Heat olive and vegetable oil together in a pan on the stove top and place the meatballs in gently, making sure to not crowd them.  It’s better to cook them in batches than to squeeze them all in.  You want the meatballs to brown, not to steam.

Place the pan in the 400° oven for 25 minutes (less if they are smaller).  After 25 minutes, pull them out and give each meatball a turn, turn the oven up to 450° and then put them back in to brown a bit more for about 5 minutes.

Once browned, remove them from the pan and set aside.  Place the pan back on a burner…being highly aware that the pan is hotter than the sun…so don’t touch the handle!  I like to rest a hotpad on the handle as a reminder since I have a (small) history of burning myself when I ought to know better!

Now that you’ve got your pan back on the heat, pour in the tablespoon of olive oil and heat a bit before adding the chopped shallot and onion.  Cook until the onion and shallot are translucent, probably about 5 minutes.

Add in the minced garlic and cook for another minute or so.  While the onions were sautéing, I prepped my tomatoes.  I had a can of whole peeled tomatoes and I wanted them chopped…so I pull them out, gave them a rough chop, making sure not to lose any of their juice and put them back in the can, ready for use.

Next pour in the wine and deglaze the pan, making sure to scrape up all the delicious bits stuck on the pan from the meatballs and the onions.

Now it’s time to add the tomatoes and all of their liquid.

And it’s also time to add in the parsley, italian seasoning, salt and pepper and the dash of Worcestershire sauce.

Let the sauce come together for 10 minutes or so, before adding the meatballs back in and cooking for another 10-20 minutes.  The timing really depends on how quickly you want dinner on the table…as long as the meatballs are cooked through and warmed back up…you are good to go!

Serve over freshly cooked al dente cavatappi (we used De Cecco brand) and top with a sprinkling of fresh grated parmesan and some minced parsley.  This goes amazingly well with a buttery slice of garlic bread! Just saying!

Buon Appetito!

(but seriously…am I alone in my lack of love for spaghetti…?)

Ina’s Winter Minestrone with Garlic Bruschetta


A few weeks ago, I proclaimed this soup one of the best (especially for a brothy soup) soups I’d ever put in my mouth.  I am not joking.  I almost licked the Tupperware clean a week later after I ate my 7th lunch of reheated soup.  The photos are not my finest work – straight from the iPhone as we had company over when I made it and I didn’t stop and take photos before serving.  However, the recipe was too good to just post as a ‘Dinner Last Week’ photo post.

When it comes to soup…I tend towards the creamy or puréed ones.  Also, I don’t think I’ve ever had a minestrone that I had any interest in eating again.  I actually surprised myself AND Woody when I mentioned this was one of the recipes I wanted to make first out of my latest Barefoot Contessa cookbook – Foolproof.  The mixture of pasta, white beans, spinach added at the last second, a dollop of pesto, the richness of parmesan and the butternut squash is so savory and flavorful and perfect for a winter evening…even a mild California winter evening.

I made the recipe exactly as written and the only thing I might change is to add a bit more pancetta.  I thought for sure that the leftovers would be good…but expected the pasta to be blown out from continuing to soak up liquid and the wilted spinach to turn to mush…surprisingly, it held very well.  My mouth still waters thinking about this soup…I’d be surprised if I can wait another month to make it again.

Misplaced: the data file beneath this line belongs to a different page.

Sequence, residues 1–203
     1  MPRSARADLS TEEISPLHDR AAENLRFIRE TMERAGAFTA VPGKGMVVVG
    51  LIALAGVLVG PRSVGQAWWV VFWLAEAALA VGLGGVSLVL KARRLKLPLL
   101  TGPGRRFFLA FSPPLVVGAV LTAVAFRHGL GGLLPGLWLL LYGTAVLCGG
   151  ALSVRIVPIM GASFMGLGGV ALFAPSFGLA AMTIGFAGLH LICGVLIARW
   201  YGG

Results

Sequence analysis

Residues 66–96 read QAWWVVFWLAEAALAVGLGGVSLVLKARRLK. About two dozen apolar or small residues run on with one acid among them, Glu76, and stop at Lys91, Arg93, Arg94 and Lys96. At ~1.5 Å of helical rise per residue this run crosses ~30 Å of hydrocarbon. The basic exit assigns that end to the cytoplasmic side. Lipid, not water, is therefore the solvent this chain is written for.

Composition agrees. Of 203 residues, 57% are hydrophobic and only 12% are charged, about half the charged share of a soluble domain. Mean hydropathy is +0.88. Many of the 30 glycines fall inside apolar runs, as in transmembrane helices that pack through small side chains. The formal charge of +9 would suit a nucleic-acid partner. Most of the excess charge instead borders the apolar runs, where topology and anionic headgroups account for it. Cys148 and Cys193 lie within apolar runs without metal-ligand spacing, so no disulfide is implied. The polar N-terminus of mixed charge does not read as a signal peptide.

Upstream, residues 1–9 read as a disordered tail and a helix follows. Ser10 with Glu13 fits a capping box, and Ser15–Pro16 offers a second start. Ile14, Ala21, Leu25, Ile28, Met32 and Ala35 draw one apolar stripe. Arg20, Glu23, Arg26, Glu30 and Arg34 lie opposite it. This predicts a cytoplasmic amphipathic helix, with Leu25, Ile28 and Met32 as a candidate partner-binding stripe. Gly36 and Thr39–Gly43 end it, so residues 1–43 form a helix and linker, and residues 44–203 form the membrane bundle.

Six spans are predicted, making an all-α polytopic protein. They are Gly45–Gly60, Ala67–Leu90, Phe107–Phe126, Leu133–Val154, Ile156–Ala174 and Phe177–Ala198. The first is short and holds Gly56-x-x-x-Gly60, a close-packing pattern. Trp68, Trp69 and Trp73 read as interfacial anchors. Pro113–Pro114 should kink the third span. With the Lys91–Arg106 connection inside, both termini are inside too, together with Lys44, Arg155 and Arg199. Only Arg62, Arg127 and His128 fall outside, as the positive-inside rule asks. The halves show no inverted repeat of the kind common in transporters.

Winter Minestrone with Garlic Bruschetta

from Ina Garten’s “Foolproof Barefoot Contessa”

Good olive oil
4 ounces pancetta, ½-inch-diced
1½ cups chopped yellow onions
2 cups (½-inch) diced carrots (3 carrots)
2 cups (½-inch) diced celery (3 stalks)
2½ cups (½-inch) diced peeled butternut squash
1½ tablespoons minced garlic (4 cloves)
2 teaspoons chopped fresh thyme leaves
26 ounces canned or boxed chopped tomatoes, such as Pomi
6 to 8 cups chicken stock, preferably homemade 
1 bay leaf
Kosher salt and freshly ground black pepper
1 (15-ounce) can cannellini beans, drained and rinsed
2 cups cooked small pasta, such as tubetti (see note)
8 to 10 ounces fresh baby spinach leaves
½ cup good dry white wine
2 tablespoons store-bought pesto
Garlic Bruschetta (recipe follows)
Freshly grated Parmesan cheese, for serving

Heat 2 tablespoons of olive oil over medium heat in a large, heavy pot or Dutch oven. Add the pancetta and cook over medium-low heat for 6 to 8 minutes, stirring occasionally, until lightly browned. Add the onions, carrots, celery, squash, garlic, and thyme and cook over medium heat, stirring occasionally, for 8 to 10 minutes, until the vegetables begin to soften.

Add the tomatoes, 6 cups of the chicken stock, the bay leaf, 1 tablespoon salt, and 1 ½ teaspoons pepper to the pot. Bring to a boil, then lower the heat and simmer uncovered for 30 minutes, until the vegetables are tender.

Discard the bay leaf. Add the beans and cooked pasta and heat through. The soup should be quite thick but if it’s too thick, add more chicken stock. Just before serving, reheat the soup, add the spinach, and toss with 2 big spoons (like tossing a salad). Cook just until the leaves are wilted. Stir in the white wine and pesto. Depending on the saltiness of the chicken stock, add another teaspoon or two of salt to taste.

Serve large shallow bowls of soup with a bruschetta on top. Sprinkle with Parmesan cheese, drizzle with olive oil, and serve hot.

Garlic Bruschetta

1 baguette
Good olive oil
1 garlic clove, cut in half lengthwise
Preheat the oven to 425 degrees.

Slice the baguette at a 45-degree angle in inch-thick slices. Brush both sides of the bread with olive oil and bake for 6 minutes, until lightly toasted. Take the slices out of the oven and rub the surface of each one with the cut clove of garlic.

 

ps:  This recipe is all over the internet, pinterest, etc.  Apparently, I’m not the only one who thinks it is absolutely delicious.